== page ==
He paid $200 for the radium and charged $2,000 for a small dose of the drug. The sick woman's husband, Heinz, went to everyone he knew to borrow the money, but he could only get together about $1,000 which is half of its cost. He told the druggist that his wife was dying and asked him to sell it cheaper or let him pay later. But the druggist said: "No, I discovered the drug and I'm going to make money from it." So Heinz got desperate and broke into the man's store to steal the drug-for his wife. Should the husband have done that? (Kohlberg, 1963)."
Kohlberg was not interested so much in the answer to the question of whether Heinz was wrong or right, but in the reasoning for the participant's decision. The responses were then classified into various stages of reasoning"
Van Wagner, K).
Kohlberg's discovered stages were 6: Stage 1- Obedience and Punishment, Stage 2 - Individualism and Exchange, Stage 3 - Interpersonal Relationships, Stage 4 - Maintaining Social Order, Stage 5 - Social Contract and Individual Rights and Stage 6 - Universal Principles - "Kolhberg's final level of moral reasoning is based upon universal ethical principles and abstract reasoning. At this stage, people follow these internalized principles of justice, even if they have a conflict with laws and rules"
Van Wagner, K)..
His theory is dealing with moral thinking. But in real life theory remains a theory, we don't always do what it is supposed to be right, there are other criteria we are taking into consideration. Even so, Kohlberg stages are important for education, for his contribution in the possibility of categorizing the moral part in student's evolution.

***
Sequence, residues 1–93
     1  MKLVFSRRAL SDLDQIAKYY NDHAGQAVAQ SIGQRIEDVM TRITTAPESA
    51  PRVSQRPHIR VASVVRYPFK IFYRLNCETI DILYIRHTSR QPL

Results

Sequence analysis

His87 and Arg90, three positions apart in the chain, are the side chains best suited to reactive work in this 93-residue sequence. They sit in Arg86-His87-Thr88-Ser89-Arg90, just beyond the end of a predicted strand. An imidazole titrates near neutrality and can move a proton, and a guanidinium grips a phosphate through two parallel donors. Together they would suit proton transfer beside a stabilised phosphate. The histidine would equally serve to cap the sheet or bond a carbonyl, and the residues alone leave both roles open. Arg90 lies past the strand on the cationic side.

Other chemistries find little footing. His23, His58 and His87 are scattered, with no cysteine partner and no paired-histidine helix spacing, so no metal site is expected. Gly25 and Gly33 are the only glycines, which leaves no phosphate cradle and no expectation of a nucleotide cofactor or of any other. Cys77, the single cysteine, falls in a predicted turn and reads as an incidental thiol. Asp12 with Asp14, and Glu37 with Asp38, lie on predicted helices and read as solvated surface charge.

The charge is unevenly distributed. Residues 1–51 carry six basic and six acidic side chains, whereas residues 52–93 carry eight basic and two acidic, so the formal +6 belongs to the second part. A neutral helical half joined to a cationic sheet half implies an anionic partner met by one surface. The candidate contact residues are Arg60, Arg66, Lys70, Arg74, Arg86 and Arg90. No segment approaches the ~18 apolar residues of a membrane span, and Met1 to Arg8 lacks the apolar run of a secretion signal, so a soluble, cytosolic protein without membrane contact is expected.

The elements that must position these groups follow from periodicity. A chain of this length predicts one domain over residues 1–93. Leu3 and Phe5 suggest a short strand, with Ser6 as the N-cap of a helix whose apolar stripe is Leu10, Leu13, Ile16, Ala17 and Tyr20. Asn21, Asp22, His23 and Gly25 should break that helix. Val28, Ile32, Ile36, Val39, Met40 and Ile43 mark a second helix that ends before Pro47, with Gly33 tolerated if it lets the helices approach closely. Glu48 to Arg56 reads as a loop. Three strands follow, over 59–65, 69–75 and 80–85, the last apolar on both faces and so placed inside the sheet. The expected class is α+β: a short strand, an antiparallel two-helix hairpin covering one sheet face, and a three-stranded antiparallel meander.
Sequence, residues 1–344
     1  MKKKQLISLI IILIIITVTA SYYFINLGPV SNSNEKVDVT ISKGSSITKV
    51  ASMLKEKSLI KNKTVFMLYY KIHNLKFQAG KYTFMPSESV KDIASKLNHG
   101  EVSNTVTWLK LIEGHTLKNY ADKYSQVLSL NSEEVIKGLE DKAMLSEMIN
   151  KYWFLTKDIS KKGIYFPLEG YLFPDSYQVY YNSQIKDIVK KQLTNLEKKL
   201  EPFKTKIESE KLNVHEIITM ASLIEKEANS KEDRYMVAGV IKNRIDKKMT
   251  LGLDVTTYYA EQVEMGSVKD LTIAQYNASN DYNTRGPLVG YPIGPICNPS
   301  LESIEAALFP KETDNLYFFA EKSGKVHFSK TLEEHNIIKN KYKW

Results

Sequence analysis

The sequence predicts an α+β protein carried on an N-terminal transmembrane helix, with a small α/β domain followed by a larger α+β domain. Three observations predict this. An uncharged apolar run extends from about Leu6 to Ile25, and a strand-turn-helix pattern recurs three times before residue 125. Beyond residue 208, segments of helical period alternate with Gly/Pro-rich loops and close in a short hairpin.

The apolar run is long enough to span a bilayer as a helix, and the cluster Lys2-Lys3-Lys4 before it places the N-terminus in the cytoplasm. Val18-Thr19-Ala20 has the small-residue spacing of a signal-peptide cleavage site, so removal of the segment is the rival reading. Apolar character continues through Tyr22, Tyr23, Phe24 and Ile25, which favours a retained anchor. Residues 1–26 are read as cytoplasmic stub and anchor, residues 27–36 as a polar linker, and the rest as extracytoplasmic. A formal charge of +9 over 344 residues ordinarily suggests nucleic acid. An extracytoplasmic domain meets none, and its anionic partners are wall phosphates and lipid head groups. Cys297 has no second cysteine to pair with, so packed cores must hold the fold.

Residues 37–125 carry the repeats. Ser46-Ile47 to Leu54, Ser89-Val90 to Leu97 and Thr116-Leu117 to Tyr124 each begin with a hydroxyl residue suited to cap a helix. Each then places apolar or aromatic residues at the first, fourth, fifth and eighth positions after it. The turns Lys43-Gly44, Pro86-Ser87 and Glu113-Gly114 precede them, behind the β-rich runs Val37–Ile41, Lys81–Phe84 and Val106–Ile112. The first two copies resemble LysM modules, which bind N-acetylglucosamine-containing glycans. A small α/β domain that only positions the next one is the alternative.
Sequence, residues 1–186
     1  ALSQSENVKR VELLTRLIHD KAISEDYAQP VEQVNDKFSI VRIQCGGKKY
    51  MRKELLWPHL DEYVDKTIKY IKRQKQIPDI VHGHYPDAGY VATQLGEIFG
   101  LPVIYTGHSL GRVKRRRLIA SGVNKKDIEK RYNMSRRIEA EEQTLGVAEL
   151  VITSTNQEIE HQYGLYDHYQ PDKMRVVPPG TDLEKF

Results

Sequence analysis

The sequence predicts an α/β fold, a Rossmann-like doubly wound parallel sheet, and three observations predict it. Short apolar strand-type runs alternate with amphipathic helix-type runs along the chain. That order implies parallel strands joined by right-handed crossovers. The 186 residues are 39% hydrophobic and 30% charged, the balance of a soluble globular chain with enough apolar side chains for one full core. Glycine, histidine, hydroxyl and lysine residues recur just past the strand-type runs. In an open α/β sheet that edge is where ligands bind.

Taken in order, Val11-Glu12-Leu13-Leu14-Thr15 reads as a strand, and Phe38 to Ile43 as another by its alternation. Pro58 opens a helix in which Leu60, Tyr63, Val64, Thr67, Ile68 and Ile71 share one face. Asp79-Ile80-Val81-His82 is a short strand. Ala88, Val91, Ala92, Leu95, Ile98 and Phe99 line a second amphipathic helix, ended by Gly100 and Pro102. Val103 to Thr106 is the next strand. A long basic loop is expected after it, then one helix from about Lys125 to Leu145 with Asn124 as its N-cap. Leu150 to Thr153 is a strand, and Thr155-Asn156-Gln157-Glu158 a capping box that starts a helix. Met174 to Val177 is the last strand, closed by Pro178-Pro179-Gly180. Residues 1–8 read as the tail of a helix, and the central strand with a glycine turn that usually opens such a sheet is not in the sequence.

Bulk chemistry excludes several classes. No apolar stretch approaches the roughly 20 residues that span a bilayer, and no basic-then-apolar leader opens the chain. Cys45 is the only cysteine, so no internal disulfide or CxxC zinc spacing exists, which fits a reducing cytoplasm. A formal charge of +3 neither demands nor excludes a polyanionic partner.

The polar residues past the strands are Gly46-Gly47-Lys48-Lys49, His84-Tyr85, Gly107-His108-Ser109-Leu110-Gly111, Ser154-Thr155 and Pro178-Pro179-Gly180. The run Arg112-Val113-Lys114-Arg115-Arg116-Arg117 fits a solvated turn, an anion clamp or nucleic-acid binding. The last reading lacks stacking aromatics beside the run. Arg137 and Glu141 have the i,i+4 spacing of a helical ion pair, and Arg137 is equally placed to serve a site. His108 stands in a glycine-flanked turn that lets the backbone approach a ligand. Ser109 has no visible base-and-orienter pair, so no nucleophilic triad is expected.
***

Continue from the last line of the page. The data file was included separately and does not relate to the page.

Vygotsky was a Russian psychologist who was involved into the development of education program for the Soviet Union. His new psychological approach has become the base of the social development theory of learning. Vygotsky focused on the connections between people and their culture and the interactions between their experiences.
Vygotsky's Social Development Theory rests on two main principles: the More Knowledgeable Other (MKO) and the Zone of Proximal Development (ZPD). The MKO refers to anyone who has a better understanding or a higher ability level than the learner, with respect to a particular task, process, or concept. The MKO is normally thought of being a teacher, coach, or older adult, but the MKO could also be peers, a younger person, or even computers.
The Zone of Proximal Development is the place where a student can perform a task under adult guidance or with peer collaboration that could not be achieved alone. Vygotsky claimed that learning occurred in this zone" (Mace, K., 2005).
After Vygotsky, the most important thing in learning is the interaction. Teachers are regarded not only as simple instructors, but mainly as collaborators in classes. They must guide their students and help them get the information, not merely pass the information. In education, interactivity must be encouraged and all the help that a student can get from his social environment is welcome.
Other factor that influence learning and teaching is the social and economic statute. This is very important because of the role it has on student's practical and social life. "Social and economic background describes an access to, and control over, wealth, prestige and power" (Sirin, S., 2003).
Students with a low economic statute are definitively different from the ones who have a high economic background. It is very important for a child, and even more for an adolescent, to know that he's having something to support him. Of course, moral support is very important too, but sometimes, without materialized support, children feel helpless.